McCollum sent a letter to J Street President Jeremy Ben-Ami on June 4th seeking his endorsement of the bill. In a response sent almost two months later, Ben-Ami described his board’s internal deliberations. He wrote that J Street strongly opposes unique standards being applied to Israel, but also believes Israel must adhere to legal requirements placed on all recipients of taxpayer-funded military assistance. 

“While our Board of Directors has not yet made a decision on whether to support H.R. 2407, it is seized [sic] of the matter and has instructed our staff to engage in further research and consultations with relevant experts and stakeholders on this legislation and the critical issue it addresses,” Ben-Ami wrote. J Street Communications Director Logan Bayroff confirmed that this continues to be the organization’s position on the bill. 

At the conference, Ben-Ami told attendees that foreign aid to Israel is not intended to be a “blank check.” 

“Congress and the next administration, at a minimum, should take the necessary steps to gain visibility into how our assistance is being used . . . and to ensure that all existing laws regarding those uses are being followed,” he said. He did not elaborate on what he thinks those steps should be.

Bayroff told me that it’s fair to say that J Street has not coalesced around one specific bill or policy prescription to withdraw various mechanisms of US support for the occupation. “It’s also fair to say that we know that there’s over 12 months between now and when the next hopefully-not-Donald-Trump-president would take office,” he added. “There’s time between now and January 2021, and we want to see a strong conversation growing and evolving that puts forward a range of different policy propositions.” Bayroff said J Street is trying to encourage that conversation and wants to hear from various candidates and lawmakers.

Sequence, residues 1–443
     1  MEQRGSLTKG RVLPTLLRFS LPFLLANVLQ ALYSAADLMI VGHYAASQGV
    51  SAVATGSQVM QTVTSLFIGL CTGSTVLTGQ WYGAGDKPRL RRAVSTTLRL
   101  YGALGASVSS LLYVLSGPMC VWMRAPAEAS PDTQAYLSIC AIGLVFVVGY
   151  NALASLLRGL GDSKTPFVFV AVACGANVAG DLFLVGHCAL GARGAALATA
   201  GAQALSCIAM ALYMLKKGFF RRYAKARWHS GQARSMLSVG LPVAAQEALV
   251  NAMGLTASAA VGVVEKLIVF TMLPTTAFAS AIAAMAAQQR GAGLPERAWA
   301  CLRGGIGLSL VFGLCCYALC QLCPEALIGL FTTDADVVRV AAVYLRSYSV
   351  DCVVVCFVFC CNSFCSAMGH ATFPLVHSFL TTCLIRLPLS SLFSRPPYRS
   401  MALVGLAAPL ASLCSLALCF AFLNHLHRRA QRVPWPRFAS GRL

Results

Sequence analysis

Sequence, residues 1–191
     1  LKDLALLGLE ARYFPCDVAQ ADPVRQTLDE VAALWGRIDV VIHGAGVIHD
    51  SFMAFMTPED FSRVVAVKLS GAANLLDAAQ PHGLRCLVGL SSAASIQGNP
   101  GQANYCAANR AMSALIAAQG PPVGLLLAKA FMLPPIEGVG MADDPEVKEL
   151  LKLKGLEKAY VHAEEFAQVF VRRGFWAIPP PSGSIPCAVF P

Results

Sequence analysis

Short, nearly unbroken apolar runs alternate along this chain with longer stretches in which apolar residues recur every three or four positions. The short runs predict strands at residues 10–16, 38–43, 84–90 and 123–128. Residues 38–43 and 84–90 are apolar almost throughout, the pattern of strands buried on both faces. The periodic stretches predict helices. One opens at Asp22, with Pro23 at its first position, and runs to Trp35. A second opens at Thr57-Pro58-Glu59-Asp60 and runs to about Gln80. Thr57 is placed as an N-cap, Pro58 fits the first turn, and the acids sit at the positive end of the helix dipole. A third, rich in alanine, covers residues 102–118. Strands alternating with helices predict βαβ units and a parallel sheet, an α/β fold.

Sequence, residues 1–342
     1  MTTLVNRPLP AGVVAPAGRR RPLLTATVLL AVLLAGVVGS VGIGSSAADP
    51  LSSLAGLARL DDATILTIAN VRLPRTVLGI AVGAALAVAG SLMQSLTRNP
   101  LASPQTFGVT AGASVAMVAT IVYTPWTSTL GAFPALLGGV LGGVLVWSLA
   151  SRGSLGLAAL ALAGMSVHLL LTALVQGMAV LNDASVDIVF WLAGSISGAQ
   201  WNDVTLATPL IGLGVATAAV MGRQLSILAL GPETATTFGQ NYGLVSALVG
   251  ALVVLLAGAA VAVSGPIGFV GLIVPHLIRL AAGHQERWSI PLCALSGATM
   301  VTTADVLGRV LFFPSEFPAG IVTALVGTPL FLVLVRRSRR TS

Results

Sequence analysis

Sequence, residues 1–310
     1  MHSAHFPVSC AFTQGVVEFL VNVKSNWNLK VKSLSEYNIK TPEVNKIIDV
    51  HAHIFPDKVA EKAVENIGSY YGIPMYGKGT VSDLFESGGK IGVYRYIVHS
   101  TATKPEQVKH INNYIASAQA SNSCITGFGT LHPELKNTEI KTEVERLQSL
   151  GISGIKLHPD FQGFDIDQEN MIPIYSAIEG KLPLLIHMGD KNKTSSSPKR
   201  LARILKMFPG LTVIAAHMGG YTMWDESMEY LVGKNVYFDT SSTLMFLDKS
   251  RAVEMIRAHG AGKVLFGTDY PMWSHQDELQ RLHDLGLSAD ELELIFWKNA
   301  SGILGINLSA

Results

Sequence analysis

Some attendees and speakers feel a greater sense of urgency for action. Issa Amro, a Palestinian activist based in Hebron and a founding member of the group Youth Against Settlements, said he sees the conference as an opportunity to push advocates for a two-state solution in the direction of concrete policies that would make the occupation more of a political liability for Israel. “It’s not costly for Israel,” he said. “And when it becomes costly . . . I think a one-state or two-state solution will just be a matter of time.” 

But for the time being, J Street’s legislative priorities are elsewhere. Bayroff said the main advocacy priority for the day after the conference, when attendees had the opportunity to speak with congressional offices, was to push H.R. 326, which would put the House on record as supporting a two-state solution. Additionally, it would condemn any US plan that seeks to legitimize settlement expansion or West Bank annexation. Responding to criticism that the word “occupation” was removed from the language of the resolution, Bayroff said J Street would prefer to see Democratic lawmakers use that term, and added that J Street is currently petitioning the Democratic party to update its platform to reflect a commitment to end the occupation.